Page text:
Daily Content Archive

(as of Friday, October 14, 2011)
Word of the Day

clavicle

Definition:(noun) Bone linking the scapula and sternum.
Synonyms:collarbone
Usage: He will be out for the rest of the season thanks to a broken clavicle.
Article of the Day

Dorus Rijkers

Rijkers was a Dutch lifeboat captain and folk hero who became famous for his sea rescues of nearly 500 shipwrecked victims. His life-saving career began in 1872 while he was captain of his own boat. While at sea, he saved all 25 crew members of the ship Australia from drowning. He later joined a Dutch lifeboat society as a volunteer and saved hundreds of people during dozens of rescue operations over three decades. How did Rijkers get the nickname Opa, which means "Grandpa"? More...
This Day in History

Chuck Yeager Breaks the Sound Barrier (1947)

Days before becoming the first person to fly faster than the speed of sound, Yeager, a US Air Force test pilot, broke two ribs riding a horse. Afraid of being taken off the mission, he kept his injury a secret, even though it limited his movement so much that he had to reach with a broom handle to close the hatch on the X-1 experimental aircraft. Launched mid-air from a modified bomber, the X-1 broke the sound barrier, and Yeager became a legend. How fast was he flying when he went supersonic? More...
Today's Birthday

Ralph Lauren (1939)

Lauren began designing ties while working as a tie salesman and opened his own business in 1967. His first menswear line, under the Polo name, debuted the next year, and the mesh sport shirt—featuring an emblem of a polo player—would become his signature piece. His expensive creations evoke the look of the English aristocracy as adopted by the East-Coast American elite. His label also appears on furnishings, tableware, and luggage. What made him change his last name to Lauren? More...
Quotation of the Day
There is no recollection which time does not put an end to, and no pain which death does not remove.

Miguel de Cervantes (1547-1616)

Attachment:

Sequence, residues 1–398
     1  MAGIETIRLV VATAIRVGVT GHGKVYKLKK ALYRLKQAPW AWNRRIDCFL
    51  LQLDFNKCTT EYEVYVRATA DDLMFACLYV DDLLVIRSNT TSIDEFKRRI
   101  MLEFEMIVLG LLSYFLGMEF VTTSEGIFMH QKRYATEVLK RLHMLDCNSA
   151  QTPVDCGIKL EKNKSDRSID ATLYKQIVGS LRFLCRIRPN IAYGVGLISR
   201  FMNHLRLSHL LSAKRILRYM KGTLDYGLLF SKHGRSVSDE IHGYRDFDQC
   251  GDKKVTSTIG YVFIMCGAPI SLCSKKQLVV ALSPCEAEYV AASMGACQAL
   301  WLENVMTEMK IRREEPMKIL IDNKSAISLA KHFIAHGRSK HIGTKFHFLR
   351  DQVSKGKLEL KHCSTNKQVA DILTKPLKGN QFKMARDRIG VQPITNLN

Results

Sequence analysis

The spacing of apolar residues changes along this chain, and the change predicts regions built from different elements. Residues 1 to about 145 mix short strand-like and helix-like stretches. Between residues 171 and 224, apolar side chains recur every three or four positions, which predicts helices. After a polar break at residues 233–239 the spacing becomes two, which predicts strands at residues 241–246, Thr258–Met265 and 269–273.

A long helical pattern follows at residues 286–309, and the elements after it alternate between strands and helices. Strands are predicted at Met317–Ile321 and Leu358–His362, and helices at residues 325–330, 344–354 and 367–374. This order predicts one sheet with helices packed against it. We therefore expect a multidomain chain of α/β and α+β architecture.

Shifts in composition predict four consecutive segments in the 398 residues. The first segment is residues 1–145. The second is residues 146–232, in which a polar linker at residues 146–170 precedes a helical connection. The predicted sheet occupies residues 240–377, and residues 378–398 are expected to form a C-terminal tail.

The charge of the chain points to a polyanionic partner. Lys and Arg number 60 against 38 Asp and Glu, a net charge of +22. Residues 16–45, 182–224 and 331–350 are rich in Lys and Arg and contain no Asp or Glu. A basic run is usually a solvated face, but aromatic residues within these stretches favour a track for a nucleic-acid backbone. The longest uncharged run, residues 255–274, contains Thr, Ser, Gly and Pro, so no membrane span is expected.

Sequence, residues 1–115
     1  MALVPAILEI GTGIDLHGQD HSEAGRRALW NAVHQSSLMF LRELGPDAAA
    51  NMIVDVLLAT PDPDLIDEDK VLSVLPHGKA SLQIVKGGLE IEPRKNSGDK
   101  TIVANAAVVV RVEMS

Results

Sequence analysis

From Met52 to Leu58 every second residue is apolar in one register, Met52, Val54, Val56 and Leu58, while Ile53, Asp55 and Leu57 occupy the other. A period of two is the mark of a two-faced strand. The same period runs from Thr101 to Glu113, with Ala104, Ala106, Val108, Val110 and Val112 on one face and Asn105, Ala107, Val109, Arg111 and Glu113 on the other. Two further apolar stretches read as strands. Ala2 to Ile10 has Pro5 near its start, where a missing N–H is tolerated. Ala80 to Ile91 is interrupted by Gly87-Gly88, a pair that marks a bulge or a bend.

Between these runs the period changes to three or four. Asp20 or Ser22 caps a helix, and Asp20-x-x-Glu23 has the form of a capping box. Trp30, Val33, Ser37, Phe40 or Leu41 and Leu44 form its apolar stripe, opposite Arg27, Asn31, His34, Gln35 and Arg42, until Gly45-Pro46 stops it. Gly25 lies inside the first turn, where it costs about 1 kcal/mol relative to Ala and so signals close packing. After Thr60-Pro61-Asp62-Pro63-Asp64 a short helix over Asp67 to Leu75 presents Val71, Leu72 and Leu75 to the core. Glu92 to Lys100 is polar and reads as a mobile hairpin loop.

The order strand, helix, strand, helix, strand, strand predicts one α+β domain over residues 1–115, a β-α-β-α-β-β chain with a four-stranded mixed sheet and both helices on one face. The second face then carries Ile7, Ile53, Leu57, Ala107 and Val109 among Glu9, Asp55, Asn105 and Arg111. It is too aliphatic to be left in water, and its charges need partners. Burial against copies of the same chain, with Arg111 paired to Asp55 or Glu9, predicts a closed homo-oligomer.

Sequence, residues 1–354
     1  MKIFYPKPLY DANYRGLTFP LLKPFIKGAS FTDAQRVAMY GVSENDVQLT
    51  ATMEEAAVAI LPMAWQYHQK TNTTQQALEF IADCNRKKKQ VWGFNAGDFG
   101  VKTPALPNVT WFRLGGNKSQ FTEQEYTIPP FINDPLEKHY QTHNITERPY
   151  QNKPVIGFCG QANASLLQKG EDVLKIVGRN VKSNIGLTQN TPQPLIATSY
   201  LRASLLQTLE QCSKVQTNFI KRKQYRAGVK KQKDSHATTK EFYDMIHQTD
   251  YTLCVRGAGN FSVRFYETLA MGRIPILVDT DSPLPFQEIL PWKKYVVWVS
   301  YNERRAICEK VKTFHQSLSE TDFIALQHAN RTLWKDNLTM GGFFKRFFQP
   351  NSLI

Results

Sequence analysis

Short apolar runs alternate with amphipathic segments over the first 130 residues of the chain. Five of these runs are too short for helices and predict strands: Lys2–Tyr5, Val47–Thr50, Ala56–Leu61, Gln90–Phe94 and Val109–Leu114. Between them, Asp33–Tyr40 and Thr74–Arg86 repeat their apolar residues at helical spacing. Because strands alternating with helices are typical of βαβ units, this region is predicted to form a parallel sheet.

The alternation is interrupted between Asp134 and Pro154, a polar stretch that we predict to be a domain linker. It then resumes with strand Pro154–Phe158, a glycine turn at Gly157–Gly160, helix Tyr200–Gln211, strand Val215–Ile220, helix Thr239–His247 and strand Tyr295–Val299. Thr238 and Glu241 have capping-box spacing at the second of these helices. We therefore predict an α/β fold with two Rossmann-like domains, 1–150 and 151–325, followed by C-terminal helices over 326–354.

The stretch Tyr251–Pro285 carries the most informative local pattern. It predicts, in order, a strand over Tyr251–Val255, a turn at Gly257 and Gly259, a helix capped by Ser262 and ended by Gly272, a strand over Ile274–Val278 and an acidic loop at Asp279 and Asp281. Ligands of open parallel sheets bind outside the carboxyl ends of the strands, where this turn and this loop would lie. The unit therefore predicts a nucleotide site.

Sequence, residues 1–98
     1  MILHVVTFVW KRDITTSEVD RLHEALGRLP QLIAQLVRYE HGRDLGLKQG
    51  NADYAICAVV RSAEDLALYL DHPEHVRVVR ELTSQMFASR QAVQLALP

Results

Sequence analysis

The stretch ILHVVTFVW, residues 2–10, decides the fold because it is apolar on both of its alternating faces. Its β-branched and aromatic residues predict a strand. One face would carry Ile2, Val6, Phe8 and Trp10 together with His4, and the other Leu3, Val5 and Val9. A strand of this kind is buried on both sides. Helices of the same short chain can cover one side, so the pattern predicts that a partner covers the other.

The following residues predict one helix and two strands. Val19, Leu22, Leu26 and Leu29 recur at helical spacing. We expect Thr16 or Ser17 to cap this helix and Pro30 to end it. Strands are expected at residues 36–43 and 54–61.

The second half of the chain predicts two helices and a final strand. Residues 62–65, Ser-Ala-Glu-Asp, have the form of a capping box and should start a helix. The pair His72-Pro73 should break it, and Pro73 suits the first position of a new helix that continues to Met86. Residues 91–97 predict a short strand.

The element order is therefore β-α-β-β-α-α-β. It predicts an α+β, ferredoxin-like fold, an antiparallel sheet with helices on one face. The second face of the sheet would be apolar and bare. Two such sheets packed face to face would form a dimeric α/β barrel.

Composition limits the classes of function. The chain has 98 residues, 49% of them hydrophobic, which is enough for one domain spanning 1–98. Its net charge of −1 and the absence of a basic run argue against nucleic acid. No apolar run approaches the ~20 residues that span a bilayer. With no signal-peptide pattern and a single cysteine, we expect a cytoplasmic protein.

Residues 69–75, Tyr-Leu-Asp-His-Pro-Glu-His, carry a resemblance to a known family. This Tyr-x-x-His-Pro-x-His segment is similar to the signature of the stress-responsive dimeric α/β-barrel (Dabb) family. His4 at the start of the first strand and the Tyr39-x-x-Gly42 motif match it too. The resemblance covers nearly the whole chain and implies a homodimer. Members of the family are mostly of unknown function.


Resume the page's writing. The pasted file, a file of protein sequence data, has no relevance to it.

Idiom of the Day

like cheese at four pence

In an idle, awkward, and/or out-of-place state; being ignored, abandoned, or left to wait awkwardly. Primarily heard in UK. More...
Today's Holiday

Frankfurt Book Fair (2017)

The world's largest annual trade show for the book publishing industry, held annually for five days in Frankfurt, Germany, attracts exhibitors from about 110 countries and is attended by more than 250,000 people. Trade fairs have been a tradition in Frankfurt for at least 800 years, and book fairs were held in the 16th century, when the city had become the center of German publishing. The book fair had been chiefly an event for German publishers before 1939, but it grew in a few years to be the world's preeminent book fair. In its present form, the fair is officially dated to 1949. More...
In the News

Fewer Americans Overweight and Obese

Although more than 60 percent of Americans are overweight or obese, the percentage of those falling within the normal weight range has increased slightly in the past year. In the third quarter of 2011, 36.6 percent of Americans were of normal weight, up one percent from a year ago. The reasons for the shift are unknown, but experts find the numbers encouraging. If this trend continues, it could reduce healthcare costs, as billions of dollars are spent each year treating conditions related to obesity. More...
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